One of the most effective interventions to help facilitate the achievement of the above-mentioned goals, and potentially an instrumental part of structured curricula in the area of burnout prevention, is the practice of yoga.[21],[42],[76] Yoga training is widely accepted and readily available in most communities. It is highly recommended for students with demanding work and study schedules.[76] Barnes notes that “…yoga is one form of exercise popular amongst U.S. and Caribbean medical students.”[76] The physical, emotional, and psychological benefits assist not only the future physicians' health but also serve to guide their patients' emotional well-being. An attractive option for those with very busy lifestyles, yoga can be practiced in organized group classes or individually at home with many free programs offered through web-based options.


  Burnout and the Evolving Health-Care Landscape Top


With the increase in burnout among medical professionals, it is critically important to identify what has changed in the learning and work environments to cause the emergence of this unwanted trend. Principal causes of physician burnout are not new and hence the question must be asked, “why and how was the current state of affairs allowed to happen?”. One poorly addressed cause of burnout is sleep deprivation associated with strenuous on-call demands. Although residents and medical students are more protected following system-wide efforts to reduce resident work hours following the Libby Zion case,[77] a surgical resident survey performed before and after implementation of duty hour regulations in 2003 showed that although responding trainees logged significantly fewer hours, there was no statistically significant decrease in burnout as measured by EE and DP.[78] Clearly, the problem is not yet solved and requires further attention.

One factor affecting physicians' well-being in the workplace may be the fear of litigation. In a study of surgical oncologists, an association between lawsuits and burnout was clearly demonstrated.[79] Moreover, malpractice claim frequency and severity continue to be - a major concern among physicians.[80] To further compound the problem, the increasingly rapid accumulation of new medical knowledge places additional strain on providers who are forced to keep up with this “information overload”. Because standards of care follow developments in research, providers have no option but to “embrace change” or “become obsolete”.

Previously, learning how to treat a condition may have entailed two steps such as asking a more experienced provider for instruction and perhaps reading about a topic in a textbook. Today, this process is far more complex in that the “best way” to treat a wide variety of health conditions is constantly evolving. Approaching a new clinical problem today for a resident or student entails tracking down the relevant publications concerning the topic at hand, critically appraising these studies, applying these results to the clinical scenario in question, and in some instances applying the scientific method in determining the optimal management of the individual patient.[81] As outlined in the previous paragraph, the fact that the “correct answer” is constantly changing requires physicians to revisit topics at an increasing frequency to stay up-to-date. This, in turn, may contribute to a low sense of personal accomplishment.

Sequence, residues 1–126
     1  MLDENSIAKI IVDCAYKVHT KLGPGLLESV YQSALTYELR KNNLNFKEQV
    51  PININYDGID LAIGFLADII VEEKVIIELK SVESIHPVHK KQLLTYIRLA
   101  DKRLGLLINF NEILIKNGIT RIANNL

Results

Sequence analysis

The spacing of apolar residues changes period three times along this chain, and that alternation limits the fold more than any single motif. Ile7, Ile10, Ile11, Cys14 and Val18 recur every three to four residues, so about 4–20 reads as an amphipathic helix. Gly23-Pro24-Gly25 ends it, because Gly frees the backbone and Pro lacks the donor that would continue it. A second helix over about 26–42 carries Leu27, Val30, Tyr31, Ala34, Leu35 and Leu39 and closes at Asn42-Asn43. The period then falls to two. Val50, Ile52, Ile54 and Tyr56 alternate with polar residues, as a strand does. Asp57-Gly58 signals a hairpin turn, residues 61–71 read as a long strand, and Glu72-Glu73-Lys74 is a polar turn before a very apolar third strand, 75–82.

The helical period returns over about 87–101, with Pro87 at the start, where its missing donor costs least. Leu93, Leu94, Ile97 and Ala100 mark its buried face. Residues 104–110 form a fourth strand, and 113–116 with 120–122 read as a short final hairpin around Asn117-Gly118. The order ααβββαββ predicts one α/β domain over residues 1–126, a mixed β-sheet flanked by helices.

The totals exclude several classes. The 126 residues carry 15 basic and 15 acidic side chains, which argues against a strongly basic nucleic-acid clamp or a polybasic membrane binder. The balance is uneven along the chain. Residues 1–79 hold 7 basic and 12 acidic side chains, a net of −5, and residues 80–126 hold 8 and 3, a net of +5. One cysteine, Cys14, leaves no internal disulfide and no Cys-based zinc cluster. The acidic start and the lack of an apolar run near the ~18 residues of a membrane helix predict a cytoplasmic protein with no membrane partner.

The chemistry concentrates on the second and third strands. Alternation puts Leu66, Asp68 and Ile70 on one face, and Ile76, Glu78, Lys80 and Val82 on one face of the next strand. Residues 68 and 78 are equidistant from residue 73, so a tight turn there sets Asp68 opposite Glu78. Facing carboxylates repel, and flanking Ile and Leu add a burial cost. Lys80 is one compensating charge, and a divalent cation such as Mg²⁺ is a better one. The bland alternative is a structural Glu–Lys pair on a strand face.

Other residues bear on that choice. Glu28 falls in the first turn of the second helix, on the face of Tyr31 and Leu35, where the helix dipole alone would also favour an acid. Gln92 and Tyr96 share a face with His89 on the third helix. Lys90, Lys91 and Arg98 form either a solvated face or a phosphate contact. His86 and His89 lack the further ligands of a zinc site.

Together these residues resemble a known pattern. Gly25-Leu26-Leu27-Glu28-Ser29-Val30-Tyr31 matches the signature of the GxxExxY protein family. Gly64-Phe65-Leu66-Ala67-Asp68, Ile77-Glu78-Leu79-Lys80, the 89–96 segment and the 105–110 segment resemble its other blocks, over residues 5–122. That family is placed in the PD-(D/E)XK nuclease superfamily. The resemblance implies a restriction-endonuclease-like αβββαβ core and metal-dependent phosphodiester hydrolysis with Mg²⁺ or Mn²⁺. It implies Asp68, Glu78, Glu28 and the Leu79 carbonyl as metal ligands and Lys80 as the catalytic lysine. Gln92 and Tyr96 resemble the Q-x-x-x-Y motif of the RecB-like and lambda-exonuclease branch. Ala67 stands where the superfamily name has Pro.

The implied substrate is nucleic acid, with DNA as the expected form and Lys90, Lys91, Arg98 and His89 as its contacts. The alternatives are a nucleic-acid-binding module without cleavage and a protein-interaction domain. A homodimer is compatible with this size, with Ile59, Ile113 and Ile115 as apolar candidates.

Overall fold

While burnout remains a significant issue related to training of the next generation of physicians, it is promising to see more widespread implementation of programs aimed at reducing the incidence of burnout at all phases of medical training and career. Critical to the success of this global approach is better preparation of trainees and physicians for their subsequent career expectations, including education on the evolution of healthcare itself. Over the past decade, there have been remarkable changes in the way students, trainees, and attending physicians practice medicine. There has been a dramatic shift toward the use of clinician provider order entry (CPOE) and the use of electronic medical records (EMRs). There is evidence that the more physicians use CPOE and EMR, the more likely they are to experience burnout. In one study, physicians who used CPOE and EMR were less satisfied with the amount of time spent on clerical tasks and were more likely to develop burnout.[82] Another study found that physicians who use highly advanced EMR systems were particularly susceptible to time pressures during office visits.[83] Further research is needed to optimize the ways our health information systems can improve physicians' workflow without increasing redundant and/or unnecessary work and tasks that are associated with increased risk of burnout.[84]

There has also been a striking change in the way physician practices are structured. There are fewer physicians in solo practices and small group practices now than ever before, and increasing number of physicians are employed by large health-care organizations. Recent data suggest that about 75% of U.S. physicians are now employed by academic medical centers, large physician groups, hospitals and health maintenance organizations.[85],[86] Keeping this in mind, the impact of an organization's leadership on physician mental health and burnout can be substantial [Table 1] and [Table 3]. A recent study showed that leadership ratings, after adjustment for age, sex, duration of employment, and specialty area, are strongly associated with burnout and satisfaction, accounting for 11% of the burnout variation and 47% of the satisfaction variation.[85] Nonetheless, the direct effect of good leadership on ndividual provider professional satisfaction and burnout remains poorly understood and warrants further investigation.